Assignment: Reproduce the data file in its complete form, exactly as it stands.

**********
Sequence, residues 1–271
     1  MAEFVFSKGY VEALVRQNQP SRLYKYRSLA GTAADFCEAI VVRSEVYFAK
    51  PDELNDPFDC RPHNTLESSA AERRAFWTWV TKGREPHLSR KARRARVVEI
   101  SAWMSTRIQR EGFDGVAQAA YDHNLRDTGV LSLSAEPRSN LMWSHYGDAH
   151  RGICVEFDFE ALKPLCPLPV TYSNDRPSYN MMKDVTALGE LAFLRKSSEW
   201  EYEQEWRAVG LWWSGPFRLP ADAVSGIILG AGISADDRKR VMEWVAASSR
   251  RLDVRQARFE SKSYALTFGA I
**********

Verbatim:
Sequence, residues 1–271
     1  MAEFVFSKGY VEALVRQNQP SRLYKYRSLA GTAADFCEAI VVRSEVYFAK
    51  PDELNDPFDC RPHNTLESSA AERRAFWTWV TKGREPHLSR KARRARVVEI
   101  SAWMSTRIQR EGFDGVAQAA YDHNLRDTGV LSLSAEPRSN LMWSHYGDAH
   151  RGICVEFDFE ALKPLCPLPV TYSNDRPSYN MMKDVTALGE LAFLRKSSEW
   201  EYEQEWRAVG LWWSGPFRLP ADAVSGIILG AGISADDRKR VMEWVAASSR
   251  RLDVRQARFE SKSYALTFGA I